Similarly, ministers who have the grip on state affairs and issue prohibitions at their pleasure, always giving advantages to those doing them good and causing injuries to those not doing them any good, are fierce dogs, too. Therefore, if the courtiers become shrine rats and the administrators of state affairs turn into fierce dogs, the right type of statecraft will not function.
When Yao wanted to transfer the rule over All-underHeaven to Shun, against such a measure K`un remonstrated with him saying: "How inauspicious! Who would transfer the rule of All-under-Heaven to a commoner?" Yao never listened to him but raised an army and killed him in the vicinity of the Feather Mountains. Likewise, the Minister of Public Works remonstrated with him, saying, "Nobody should transfer the rule over All-under-Heaven to a commoner." Yao never listened to him but also raised an army and banished the Minister of Public Works to the city of Yu-chou. Thenceforth, All-under-Heaven dared not disapprove the transfer of the rule over All-under-Heaven to Shun. Hearing this, Chung-ni said: "It is not difficult for Yao to know the worthiness of Shun. Indeed, to punish the remonstrants and thereby effect the transfer of the throne to Shun was his difficulty."
According to a different source: Chung-ni said, "Not to ruin the result of observation with the object of suspicion is difficult."
King Chuang of Ching once issued the law of the inner gate 41 to the effect that "When any Ministers, High Officers, and Princes enter the court, if the hoofs of anybody's horse walk upon the `eavesdrops', the court guard should cut down the shaft of his carriage and execute his coachman." In the meantime, the Crown Prince entered the court. As soon as his horse trod on the "eavesdrops", the guard cut down the shaft of his carriage and executed his coachman. Angry at this, the Crown Prince went in to see the King and with tears in his eyes said, "May Your Majesty punish the guard for me!" In response the King said: "The law is the means whereby the ancestral shrine and the Altar of the Spirits of Land and Grain are revered. Therefore, who can live up to the law, carry out orders, and thereby revere the Shrine of the Spirits of Land and Grain, is a loyal subject to the community. Why should such a man be punished then? To be sure, who violates the law, discards orders, and thereby shows no respect to the Shrine of the Spirits of Land and Grain, is a subject offending his ruler and an inferior disobeying his superior. 42 If the subject offends his ruler, then the sovereign will lose his authority; if the inferior disobeys his superior, then the superior's status will be endangered. With my authority lost and my status endangered and the Altar of the Spirits of Land and Grain not safeguarded what can I bequeath to my descendants?" Thereupon the Crown Prince ran backward, kept away from his residence, stayed outdoors for three days, faced the north, repeated his bows, and apologized for the capital crime.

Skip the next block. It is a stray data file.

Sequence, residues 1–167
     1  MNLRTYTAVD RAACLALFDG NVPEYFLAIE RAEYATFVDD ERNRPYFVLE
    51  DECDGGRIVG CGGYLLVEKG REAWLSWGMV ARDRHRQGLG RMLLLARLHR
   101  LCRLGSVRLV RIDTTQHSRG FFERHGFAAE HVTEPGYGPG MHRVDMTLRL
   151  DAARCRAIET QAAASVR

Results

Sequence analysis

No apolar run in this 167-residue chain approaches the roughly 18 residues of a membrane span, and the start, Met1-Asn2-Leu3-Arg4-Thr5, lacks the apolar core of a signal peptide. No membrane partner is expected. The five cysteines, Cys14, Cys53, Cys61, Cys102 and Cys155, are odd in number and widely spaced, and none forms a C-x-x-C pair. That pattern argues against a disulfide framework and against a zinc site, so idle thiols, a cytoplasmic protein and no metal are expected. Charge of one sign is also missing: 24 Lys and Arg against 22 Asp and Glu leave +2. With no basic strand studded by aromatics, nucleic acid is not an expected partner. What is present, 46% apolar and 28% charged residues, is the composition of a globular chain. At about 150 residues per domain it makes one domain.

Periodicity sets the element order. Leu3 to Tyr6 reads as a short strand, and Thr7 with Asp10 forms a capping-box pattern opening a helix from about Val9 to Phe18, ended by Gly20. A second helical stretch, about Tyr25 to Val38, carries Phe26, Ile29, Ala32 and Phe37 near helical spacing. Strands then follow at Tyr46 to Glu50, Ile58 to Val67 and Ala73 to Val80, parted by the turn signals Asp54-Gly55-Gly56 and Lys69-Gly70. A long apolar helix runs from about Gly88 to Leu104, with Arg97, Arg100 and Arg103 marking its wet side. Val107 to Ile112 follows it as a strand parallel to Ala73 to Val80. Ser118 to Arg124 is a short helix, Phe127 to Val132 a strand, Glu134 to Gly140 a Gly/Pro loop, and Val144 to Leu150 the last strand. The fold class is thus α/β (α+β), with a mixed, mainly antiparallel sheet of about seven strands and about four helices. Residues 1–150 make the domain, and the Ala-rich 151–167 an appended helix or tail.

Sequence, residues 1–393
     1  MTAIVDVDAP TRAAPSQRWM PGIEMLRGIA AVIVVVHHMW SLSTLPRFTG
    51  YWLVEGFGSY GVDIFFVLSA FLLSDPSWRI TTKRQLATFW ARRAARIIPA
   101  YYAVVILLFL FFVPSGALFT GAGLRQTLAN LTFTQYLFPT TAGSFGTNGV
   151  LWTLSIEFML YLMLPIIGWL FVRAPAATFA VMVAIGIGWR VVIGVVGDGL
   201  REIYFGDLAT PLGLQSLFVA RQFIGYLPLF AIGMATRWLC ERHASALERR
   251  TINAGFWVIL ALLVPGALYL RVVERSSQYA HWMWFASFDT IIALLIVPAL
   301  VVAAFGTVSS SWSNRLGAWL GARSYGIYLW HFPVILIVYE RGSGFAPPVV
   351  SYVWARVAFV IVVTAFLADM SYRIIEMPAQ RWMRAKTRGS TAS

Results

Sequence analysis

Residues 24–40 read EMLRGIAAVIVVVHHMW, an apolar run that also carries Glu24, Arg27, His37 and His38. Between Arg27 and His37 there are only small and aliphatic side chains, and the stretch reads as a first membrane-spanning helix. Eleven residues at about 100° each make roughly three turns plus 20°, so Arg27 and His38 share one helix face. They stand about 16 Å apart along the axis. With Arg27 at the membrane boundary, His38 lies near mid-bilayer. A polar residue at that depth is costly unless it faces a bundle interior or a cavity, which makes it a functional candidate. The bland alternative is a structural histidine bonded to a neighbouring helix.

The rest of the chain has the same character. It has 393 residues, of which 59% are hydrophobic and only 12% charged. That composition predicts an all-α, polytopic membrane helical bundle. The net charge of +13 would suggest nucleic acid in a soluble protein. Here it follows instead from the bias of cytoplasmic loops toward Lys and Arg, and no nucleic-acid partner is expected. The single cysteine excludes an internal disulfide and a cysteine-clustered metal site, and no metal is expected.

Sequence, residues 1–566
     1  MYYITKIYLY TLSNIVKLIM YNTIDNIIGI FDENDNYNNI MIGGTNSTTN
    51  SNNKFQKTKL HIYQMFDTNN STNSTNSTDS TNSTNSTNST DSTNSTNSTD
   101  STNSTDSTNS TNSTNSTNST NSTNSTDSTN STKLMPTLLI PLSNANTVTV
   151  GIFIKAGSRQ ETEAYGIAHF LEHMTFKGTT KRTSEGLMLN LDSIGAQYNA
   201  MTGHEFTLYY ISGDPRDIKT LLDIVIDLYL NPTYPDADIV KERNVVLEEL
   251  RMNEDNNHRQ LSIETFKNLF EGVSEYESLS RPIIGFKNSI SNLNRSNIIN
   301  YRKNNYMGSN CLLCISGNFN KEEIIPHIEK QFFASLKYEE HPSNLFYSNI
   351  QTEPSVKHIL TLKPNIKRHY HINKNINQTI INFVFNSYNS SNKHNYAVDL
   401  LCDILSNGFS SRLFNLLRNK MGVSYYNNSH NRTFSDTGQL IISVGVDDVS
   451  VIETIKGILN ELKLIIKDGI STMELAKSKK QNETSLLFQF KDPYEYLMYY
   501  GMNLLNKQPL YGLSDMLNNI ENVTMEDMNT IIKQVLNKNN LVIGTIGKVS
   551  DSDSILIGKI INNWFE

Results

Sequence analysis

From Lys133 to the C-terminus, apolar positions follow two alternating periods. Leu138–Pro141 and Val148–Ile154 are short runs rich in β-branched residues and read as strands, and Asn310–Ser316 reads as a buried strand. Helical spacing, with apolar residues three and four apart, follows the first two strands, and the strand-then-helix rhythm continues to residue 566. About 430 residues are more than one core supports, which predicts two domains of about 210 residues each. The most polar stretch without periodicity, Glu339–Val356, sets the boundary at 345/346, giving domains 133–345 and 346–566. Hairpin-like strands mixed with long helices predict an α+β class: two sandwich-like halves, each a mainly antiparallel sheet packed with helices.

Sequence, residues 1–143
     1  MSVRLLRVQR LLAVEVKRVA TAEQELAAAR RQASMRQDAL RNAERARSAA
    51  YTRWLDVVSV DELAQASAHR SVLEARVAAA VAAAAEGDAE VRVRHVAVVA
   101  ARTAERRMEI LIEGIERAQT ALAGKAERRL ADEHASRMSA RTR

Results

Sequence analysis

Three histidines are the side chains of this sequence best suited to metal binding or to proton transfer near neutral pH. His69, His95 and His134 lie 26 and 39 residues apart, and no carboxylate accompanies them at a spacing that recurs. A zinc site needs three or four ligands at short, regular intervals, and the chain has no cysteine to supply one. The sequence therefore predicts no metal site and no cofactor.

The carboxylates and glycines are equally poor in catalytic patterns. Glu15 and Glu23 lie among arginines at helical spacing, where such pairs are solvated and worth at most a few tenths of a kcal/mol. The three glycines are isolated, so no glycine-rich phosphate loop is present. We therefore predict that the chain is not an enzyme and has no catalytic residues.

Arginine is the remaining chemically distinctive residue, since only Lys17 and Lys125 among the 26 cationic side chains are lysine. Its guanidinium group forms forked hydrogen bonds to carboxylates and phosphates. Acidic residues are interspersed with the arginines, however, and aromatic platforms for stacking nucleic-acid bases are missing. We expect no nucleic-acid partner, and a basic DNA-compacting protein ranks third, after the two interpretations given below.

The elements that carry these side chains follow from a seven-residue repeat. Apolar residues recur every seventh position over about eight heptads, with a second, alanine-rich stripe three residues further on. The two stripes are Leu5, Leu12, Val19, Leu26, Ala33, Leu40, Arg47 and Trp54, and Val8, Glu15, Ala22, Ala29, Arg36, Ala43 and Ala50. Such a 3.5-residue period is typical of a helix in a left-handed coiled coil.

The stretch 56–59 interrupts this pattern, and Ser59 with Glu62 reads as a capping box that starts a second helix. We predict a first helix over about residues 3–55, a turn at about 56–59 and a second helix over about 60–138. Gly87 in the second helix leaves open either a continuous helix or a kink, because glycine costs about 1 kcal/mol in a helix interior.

According to a different source: Once upon a time the King of Ch`u sent urgently for the Crown Prince. The law of the Ch`u State allowed no carriage to reach the inner gate of the palace. It was raining. There were puddles in the courtyard. Therefore, the Crown Prince had to take his carriage as far as the inner gate. "No carriage is allowed," shouted the court guard, "to reach the inner gate. To take any carriage as far as the inner gate 43 is against the law." "His majesty's summon is so urgent," said the Crown Prince, "that I cannot wait till the puddles dry up." So saying, he drove onward. Raising his halberd, the guard hit the horse and broke the yoke. The Crown Prince then went in to see the King and with tears in his eyes said: "There were in the courtyard so many puddles that I had to take the carriage as far as the inner gate. The guard, however, said it was against the law, raised his halberd, hit thy servant's horse and broke the yoke of thy servant's carriage. May Your Majesty be sure to punish him!" "With the aged sovereign in the front," remarked the King, "he never neglected the law; with the future ruler in the rear he never showed any favour. How worthy he must be! He is truly my law-abiding subject." Thereupon the King raised the rank of the guard by two grades, sent out the Crown Prince through the back gate, and prevented him from going through the inner gate again.